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Extension of mental preparation positively affects motor imagery as compared to motor execution: A functional near-infrared spectroscopy study


Holper, L; Scholkmann, F; Shalóm, D E; Wolf, M (2012). Extension of mental preparation positively affects motor imagery as compared to motor execution: A functional near-infrared spectroscopy study. Cortex, 48(5):593-603.

Abstract

Motor imagery (MI) is widely used to study cognitive action control. Although, the neural simulation theory assumes that MI and motor execution (ME) share many common features, the extent of similarity and whether it spreads into the preparation phase is still under investigation. Here we asked, whether an extension of physiological mental preparation has a comparable effect on MI and ME. Data were recorded using wireless functional near-infrared spectroscopy (fNIRS) in a two-stage task design where subjects were cued with or without preparatory stimuli to either execute or imagine complex sequential thumb-finger tasks. The main finding is that the extended mental preparation has a significant positive effect on oxy-hemoglobin (∆[O(2)Hb]) in response to MI, which is proportionally larger as that found in response to ME. Furthermore, fNIRS was capable to discriminate within each task whether it was preceded by preparatory stimuli or not. Transition from mental preparation to actual performance (ME or MI) was reflected by a dip of the fNIRS signal presumably related to underlying cortical processes changing between preparation and task performance. Statistically significant main effects of 'Preparation' and 'Task' showed that ∆[O(2)Hb] during preparation was preparation-specific, i.e., positively affected by the presence of preparatory stimuli, whereas during task performance ∆[O(2)Hb] was both preparation- and task-specific, i.e., additionally affected by the task mode. These results are particularly appealing from a practical point of view for making use of MI in neuroscientific applications. Especially neurorehabilitation and neural interfaces may benefit from utilizing positive interactions between mental preparation and MI performance.

Abstract

Motor imagery (MI) is widely used to study cognitive action control. Although, the neural simulation theory assumes that MI and motor execution (ME) share many common features, the extent of similarity and whether it spreads into the preparation phase is still under investigation. Here we asked, whether an extension of physiological mental preparation has a comparable effect on MI and ME. Data were recorded using wireless functional near-infrared spectroscopy (fNIRS) in a two-stage task design where subjects were cued with or without preparatory stimuli to either execute or imagine complex sequential thumb-finger tasks. The main finding is that the extended mental preparation has a significant positive effect on oxy-hemoglobin (∆[O(2)Hb]) in response to MI, which is proportionally larger as that found in response to ME. Furthermore, fNIRS was capable to discriminate within each task whether it was preceded by preparatory stimuli or not. Transition from mental preparation to actual performance (ME or MI) was reflected by a dip of the fNIRS signal presumably related to underlying cortical processes changing between preparation and task performance. Statistically significant main effects of 'Preparation' and 'Task' showed that ∆[O(2)Hb] during preparation was preparation-specific, i.e., positively affected by the presence of preparatory stimuli, whereas during task performance ∆[O(2)Hb] was both preparation- and task-specific, i.e., additionally affected by the task mode. These results are particularly appealing from a practical point of view for making use of MI in neuroscientific applications. Especially neurorehabilitation and neural interfaces may benefit from utilizing positive interactions between mental preparation and MI performance.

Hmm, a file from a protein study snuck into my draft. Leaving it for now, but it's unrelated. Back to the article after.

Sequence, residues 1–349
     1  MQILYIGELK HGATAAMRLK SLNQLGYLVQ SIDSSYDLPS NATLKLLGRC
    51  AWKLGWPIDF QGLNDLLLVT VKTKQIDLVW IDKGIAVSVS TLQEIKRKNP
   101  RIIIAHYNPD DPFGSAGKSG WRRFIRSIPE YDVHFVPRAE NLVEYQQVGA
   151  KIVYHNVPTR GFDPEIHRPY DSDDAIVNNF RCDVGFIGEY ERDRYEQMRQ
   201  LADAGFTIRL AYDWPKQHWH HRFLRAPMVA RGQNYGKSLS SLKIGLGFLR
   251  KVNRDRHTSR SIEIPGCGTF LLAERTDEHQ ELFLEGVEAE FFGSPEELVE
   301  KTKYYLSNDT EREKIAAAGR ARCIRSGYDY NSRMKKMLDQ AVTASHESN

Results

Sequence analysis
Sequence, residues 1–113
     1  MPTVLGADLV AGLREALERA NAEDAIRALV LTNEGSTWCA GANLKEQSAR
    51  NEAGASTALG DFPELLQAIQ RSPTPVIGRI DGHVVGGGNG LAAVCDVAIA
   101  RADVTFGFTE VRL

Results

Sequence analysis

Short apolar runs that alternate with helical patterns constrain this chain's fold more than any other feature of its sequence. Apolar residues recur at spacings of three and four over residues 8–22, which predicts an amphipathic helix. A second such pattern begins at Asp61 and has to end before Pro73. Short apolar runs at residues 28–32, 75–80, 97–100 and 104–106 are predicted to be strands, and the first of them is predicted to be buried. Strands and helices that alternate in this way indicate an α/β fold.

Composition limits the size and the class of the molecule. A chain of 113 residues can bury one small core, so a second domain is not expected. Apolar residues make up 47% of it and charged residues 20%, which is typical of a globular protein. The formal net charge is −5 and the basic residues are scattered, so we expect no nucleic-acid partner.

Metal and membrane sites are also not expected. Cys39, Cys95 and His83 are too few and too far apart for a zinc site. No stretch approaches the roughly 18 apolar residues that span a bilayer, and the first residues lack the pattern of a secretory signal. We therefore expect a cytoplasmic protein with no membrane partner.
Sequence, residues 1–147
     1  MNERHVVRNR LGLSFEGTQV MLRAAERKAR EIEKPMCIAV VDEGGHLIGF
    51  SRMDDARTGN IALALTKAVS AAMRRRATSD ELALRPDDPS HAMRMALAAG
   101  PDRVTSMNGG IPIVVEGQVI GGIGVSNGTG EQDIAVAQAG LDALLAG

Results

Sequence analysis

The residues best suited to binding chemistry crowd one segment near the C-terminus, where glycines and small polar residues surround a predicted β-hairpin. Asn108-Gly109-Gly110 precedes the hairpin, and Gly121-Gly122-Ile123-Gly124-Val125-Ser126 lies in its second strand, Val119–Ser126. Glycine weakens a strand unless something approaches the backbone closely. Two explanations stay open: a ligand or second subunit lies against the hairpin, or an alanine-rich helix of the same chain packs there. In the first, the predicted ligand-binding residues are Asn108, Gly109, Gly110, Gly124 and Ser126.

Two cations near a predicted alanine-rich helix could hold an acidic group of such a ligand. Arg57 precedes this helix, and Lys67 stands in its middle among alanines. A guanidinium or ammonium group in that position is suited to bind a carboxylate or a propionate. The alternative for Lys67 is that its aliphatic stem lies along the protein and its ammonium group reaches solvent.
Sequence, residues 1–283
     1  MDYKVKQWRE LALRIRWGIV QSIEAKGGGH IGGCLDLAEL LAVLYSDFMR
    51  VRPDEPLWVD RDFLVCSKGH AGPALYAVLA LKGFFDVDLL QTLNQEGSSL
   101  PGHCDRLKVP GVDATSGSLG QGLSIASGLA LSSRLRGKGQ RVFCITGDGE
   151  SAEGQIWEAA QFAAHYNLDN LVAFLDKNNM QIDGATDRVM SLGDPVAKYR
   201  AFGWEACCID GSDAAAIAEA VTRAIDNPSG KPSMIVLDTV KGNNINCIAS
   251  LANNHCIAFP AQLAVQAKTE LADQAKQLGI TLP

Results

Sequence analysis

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Additional indexing

Item Type:Journal Article, refereed, original work
Communities & Collections:04 Faculty of Medicine > University Hospital Zurich > Clinic for Neonatology
Dewey Decimal Classification:610 Medicine & health
Language:English
Date:2012
Deposited On:08 Aug 2011 08:32
Last Modified:07 Dec 2017 08:45
Publisher:Elsevier
ISSN:0010-9452
Publisher DOI:https://doi.org/10.1016/j.cortex.2011.02.001
PubMed ID:21377666

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